- temporal, like news, announcements, analysis and discussion on current events. It's usually irrelevant after a while, it gets stale fast.
- atemporal, like essays, history, theory, articles, knowledge in general that while it may get superseded, expanded or invalidated over time, it's interesting content that you learn from, from a current or historical perspective.
While the first kind tends to get more attention due to the clickbaity nature, I much prefer the second kind and wonder if a site focused solely on that would be more interesting.
It's about keeping them honest. You know the latter have value if you see their themes and lessons play out frequently in the former.
A decent test of the most useful theory is how often it's relevant and referenced in shallow quick fire current events discussions.
It's a selection of essays that were written for the LessWrong community, and the community voted for the best essays 2 years after publication, ensuring that only the 'atemporal' ones got into it.
Nothing has the lack of persistence that news does. (Though a surprising amount of "news", for reasons closely related to this rapid-staling and unpredictable nature of it, is actually repackaged evergreen or procedural content.)
At the same time, there's little that's as timeless as highly-insightful observations or commentary. These can live on for years, decades, centuries, or millennia.
(I suspect that copyright attacks both ends of this equation, by creating moats around current material to keep it in flow, and by denying markets to older material, which would otherwise compete with the new. This has limits imposed by works which were in fact subject to copyright in the first place, which is most works published since January 1, 1926, in the US.)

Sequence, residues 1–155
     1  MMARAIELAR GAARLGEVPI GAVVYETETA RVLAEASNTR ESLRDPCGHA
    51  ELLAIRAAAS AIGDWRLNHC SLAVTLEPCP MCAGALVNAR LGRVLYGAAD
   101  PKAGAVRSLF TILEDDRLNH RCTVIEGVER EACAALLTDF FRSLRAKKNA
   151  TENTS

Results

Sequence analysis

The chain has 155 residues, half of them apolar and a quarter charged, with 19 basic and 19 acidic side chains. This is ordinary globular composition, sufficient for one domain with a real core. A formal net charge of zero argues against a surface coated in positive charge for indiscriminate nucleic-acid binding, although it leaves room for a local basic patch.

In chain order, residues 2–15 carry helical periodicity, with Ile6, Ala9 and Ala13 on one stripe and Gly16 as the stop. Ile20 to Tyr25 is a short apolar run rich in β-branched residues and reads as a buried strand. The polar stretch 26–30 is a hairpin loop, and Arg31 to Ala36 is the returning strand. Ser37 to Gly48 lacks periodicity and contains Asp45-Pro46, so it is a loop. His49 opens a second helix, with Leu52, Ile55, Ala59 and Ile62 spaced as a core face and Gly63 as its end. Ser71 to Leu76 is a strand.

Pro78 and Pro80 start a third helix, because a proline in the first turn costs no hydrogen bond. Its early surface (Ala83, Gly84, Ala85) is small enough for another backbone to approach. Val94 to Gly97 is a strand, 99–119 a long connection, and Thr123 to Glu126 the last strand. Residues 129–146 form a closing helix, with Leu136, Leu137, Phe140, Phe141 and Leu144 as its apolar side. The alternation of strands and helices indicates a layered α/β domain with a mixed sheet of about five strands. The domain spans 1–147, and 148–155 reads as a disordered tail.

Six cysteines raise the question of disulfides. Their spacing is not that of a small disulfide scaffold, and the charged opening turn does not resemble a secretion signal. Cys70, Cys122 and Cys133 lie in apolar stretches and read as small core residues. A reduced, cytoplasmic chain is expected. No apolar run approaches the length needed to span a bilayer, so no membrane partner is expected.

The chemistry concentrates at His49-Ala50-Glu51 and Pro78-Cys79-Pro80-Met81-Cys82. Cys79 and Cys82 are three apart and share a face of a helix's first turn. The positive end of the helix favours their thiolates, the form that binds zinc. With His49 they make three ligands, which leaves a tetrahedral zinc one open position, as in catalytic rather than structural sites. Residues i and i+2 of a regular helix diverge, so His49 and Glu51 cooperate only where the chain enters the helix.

I'm finding classic works, philosophy, and much academic publishing to be far more interesting than news, of late.
You do get a large response of unqualified opinions, anecdotes and repetitive arguments/flamewars but, amongst the 'noise', you can roughly cluster voices, average out within clusters and get an idea of the range of (mostly) intellectual opinions held.
This 'fuzzy' information won't be neatly laid out as with the atemporal articles but to me it acts almost like a primary resource surveying what the HN community (whatever that represents in reality) believes at a point in time.
Suggest: two sites
/classic uses the same ranking system as the regular front page but only counts votes from early users, defined as accounts that were created before Feb 13, 2008.
I'm guessing this is an attempt at getting around the Eternal September phenomenon, or at least an experiment around this idea.
So I think people should make Lindy Libraries - reading resources that have stood the test of time. Here are a few I have been collecting: https://codingcareer.circle.so/c/lindy-library
I think there are situations where ephemerous knowledge is useful. For example, knowing about a security vulnerability: its profitability is much higher before the issue gets fixed, which can happen anytime (be it two hours or two years).
Another example: imagine you know insert-influential-billonaire is going to tweet about insert-trendy-currency, this information is completely irrelevant for the future, but you can certainly use it to make money.
It's worth mentioning these two examples, however, can provide longer-lasting knowledge as a by-product too.
Would be cool if HN had its own web archive after 100 comments or so.